New ideas come up when the time is right. Most people are entangled in everyday-problems, they do not care about giant leaps of the species. I would say that a persons with time and ressources to support himself without having to care about the every-day problems has the best chance to come upon a new idea. But that isn't necessarily a weirdo, that person must be aware of his exceptional situation. A pampered weirdo will likely just stay a lazybone.

Maybe i'm writing just nonsense ...

Link to post
Share on other sites

Just need more of these guys....

It Couldn’t Be Done

Somebody said that it couldn’t be done,
    But, he with a chuckle replied
That "maybe it couldn’t," but he would be one
    Who wouldn’t say so till he’d tried.
So he buckled right in with the trace of a grin
    On his face. If he worried he hid it.
He started to sing as he tackled the thing
    That couldn’t be done, and he did it.

Somebody scoffed: "Oh, you’ll never do that;
    At least no one has done it";
But he took off his coat and he took off his hat,
    And the first thing we knew he’d begun it.
With a lift of his chin and a bit of a grin,
    Without any doubting or quiddit,
He started to sing as he tackled the thing
    That couldn’t be done, and he did it.

There are thousands to tell you it cannot be done,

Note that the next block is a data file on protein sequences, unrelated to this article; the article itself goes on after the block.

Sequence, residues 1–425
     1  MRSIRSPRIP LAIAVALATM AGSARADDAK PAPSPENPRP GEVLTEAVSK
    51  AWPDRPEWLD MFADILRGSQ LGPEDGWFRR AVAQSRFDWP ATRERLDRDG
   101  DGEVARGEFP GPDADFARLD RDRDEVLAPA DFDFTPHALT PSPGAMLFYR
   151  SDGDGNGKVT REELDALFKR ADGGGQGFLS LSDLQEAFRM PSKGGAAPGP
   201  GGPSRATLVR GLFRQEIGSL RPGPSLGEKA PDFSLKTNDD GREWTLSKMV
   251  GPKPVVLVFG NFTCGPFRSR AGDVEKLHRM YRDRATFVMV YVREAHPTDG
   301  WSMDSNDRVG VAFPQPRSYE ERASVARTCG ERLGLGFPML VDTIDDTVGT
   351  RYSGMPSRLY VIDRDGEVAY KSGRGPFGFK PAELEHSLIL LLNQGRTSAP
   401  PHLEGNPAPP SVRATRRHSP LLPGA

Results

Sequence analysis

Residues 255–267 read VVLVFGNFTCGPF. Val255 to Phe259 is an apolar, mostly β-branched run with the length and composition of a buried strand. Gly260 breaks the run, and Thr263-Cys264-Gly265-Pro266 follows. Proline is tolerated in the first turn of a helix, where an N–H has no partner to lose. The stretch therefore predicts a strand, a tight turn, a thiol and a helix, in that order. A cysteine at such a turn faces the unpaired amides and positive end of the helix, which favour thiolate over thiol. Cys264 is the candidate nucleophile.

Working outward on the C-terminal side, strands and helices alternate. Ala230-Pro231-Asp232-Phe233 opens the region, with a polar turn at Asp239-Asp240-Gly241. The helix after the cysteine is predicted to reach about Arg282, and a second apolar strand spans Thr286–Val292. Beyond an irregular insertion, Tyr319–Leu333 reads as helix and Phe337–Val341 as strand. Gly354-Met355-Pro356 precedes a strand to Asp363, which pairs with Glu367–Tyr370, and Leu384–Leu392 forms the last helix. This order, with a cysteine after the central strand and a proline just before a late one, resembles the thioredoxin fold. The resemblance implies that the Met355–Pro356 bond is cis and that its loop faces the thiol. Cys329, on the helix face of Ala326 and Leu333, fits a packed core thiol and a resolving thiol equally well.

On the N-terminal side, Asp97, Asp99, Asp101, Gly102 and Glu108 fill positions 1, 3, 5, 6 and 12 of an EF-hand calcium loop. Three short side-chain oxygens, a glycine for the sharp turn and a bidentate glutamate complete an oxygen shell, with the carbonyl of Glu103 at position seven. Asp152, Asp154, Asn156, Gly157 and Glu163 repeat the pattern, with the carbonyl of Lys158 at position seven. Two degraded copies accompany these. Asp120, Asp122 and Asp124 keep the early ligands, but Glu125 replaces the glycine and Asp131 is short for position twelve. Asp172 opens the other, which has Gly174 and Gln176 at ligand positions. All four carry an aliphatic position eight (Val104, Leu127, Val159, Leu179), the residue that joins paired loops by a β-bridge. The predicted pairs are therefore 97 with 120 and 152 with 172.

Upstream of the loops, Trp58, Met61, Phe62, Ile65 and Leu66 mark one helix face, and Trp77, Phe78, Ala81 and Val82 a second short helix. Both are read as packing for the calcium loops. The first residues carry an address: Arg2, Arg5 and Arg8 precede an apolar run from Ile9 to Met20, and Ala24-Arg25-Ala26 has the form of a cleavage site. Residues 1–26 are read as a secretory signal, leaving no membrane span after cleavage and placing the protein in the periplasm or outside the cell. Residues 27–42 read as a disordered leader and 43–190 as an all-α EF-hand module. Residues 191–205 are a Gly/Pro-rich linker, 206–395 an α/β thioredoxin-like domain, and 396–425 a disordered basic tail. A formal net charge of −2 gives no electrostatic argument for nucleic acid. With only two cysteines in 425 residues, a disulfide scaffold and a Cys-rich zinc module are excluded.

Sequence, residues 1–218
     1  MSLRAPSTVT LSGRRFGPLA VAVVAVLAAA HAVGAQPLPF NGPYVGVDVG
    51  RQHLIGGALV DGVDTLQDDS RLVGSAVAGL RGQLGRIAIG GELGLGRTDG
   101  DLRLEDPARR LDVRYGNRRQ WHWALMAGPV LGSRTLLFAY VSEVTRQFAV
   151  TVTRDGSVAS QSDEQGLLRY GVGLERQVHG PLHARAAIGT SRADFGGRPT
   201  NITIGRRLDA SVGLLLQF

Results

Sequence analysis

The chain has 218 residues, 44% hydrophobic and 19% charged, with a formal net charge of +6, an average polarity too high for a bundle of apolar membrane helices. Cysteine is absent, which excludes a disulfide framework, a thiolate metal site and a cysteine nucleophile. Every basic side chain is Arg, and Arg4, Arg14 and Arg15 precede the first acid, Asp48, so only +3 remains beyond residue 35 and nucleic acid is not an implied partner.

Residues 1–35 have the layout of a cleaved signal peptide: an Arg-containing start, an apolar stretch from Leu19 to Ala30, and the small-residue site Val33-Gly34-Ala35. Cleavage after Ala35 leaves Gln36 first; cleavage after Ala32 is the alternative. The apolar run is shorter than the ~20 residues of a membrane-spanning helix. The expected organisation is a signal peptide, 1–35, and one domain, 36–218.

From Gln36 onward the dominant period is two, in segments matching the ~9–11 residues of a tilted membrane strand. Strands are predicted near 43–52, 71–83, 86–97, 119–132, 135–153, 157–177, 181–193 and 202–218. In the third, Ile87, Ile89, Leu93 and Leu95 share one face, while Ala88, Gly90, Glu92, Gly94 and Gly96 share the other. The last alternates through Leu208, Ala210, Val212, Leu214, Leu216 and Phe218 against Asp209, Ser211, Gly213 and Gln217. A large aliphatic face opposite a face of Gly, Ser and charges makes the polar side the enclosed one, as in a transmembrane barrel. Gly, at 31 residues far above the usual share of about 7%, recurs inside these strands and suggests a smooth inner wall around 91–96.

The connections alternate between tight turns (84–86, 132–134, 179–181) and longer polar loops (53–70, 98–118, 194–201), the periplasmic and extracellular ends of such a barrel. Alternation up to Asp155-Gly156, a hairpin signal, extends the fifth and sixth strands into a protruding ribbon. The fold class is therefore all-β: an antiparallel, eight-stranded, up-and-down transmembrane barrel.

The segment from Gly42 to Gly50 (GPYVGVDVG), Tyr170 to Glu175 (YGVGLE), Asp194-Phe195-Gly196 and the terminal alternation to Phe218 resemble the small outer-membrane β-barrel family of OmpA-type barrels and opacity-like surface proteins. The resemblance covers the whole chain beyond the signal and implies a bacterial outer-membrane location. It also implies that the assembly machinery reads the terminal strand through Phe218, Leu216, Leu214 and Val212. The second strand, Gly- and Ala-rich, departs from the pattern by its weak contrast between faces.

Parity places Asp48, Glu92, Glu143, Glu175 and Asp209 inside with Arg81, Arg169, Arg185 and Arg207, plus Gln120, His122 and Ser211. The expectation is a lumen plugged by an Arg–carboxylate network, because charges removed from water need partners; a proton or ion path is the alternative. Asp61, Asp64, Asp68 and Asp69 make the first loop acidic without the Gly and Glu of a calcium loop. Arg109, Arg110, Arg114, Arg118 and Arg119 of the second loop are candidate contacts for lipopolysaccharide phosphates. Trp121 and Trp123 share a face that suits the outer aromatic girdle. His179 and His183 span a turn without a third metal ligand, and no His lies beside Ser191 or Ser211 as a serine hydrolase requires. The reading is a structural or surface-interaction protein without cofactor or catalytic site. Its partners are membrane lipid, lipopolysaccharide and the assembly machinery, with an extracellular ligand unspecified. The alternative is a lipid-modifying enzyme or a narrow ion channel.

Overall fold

There are thousands to prophesy failure;
There are thousands to point out to you one by one,
    The dangers that wait to assail you.
But just buckle it in with a bit of a grin,
    Just take off your coat and go to it;
Just start to sing as you tackle the thing
    That "couldn’t be done," and you’ll do it.

                                                    -Edgar Albert Guest

Link to post
Share on other sites

Interesting thoughts.  I like the relationship between free time and innovation, so perhaps we have to tolerate self-important lazybones as a byproduct of fostering innovation?

Again, figuring out how much one needs to crack the whip v. encourage novel thinking seems difficult.  I find myself always making corrections one way or the other.

Link to post
Share on other sites

people call me lazy. but i solved half a dozen problems before anyone else got out of bed today.

then again you have to be able to solve problems and not starve to death. im no good at that last part.

Edited by Nuke
Link to post
Share on other sites
This thread is quite old. Please consider starting a new thread rather than reviving this one.

Join the conversation

You can post now and register later. If you have an account, sign in now to post with your account.
Note: Your post will require moderator approval before it will be visible.

Guest
Reply to this topic...

×   Pasted as rich text.   Paste as plain text instead

  Only 75 emoji are allowed.

×   Your link has been automatically embedded.   Display as a link instead

×   Your previous content has been restored.   Clear editor

×   You cannot paste images directly. Upload or insert images from URL.

×
×
  • Create New...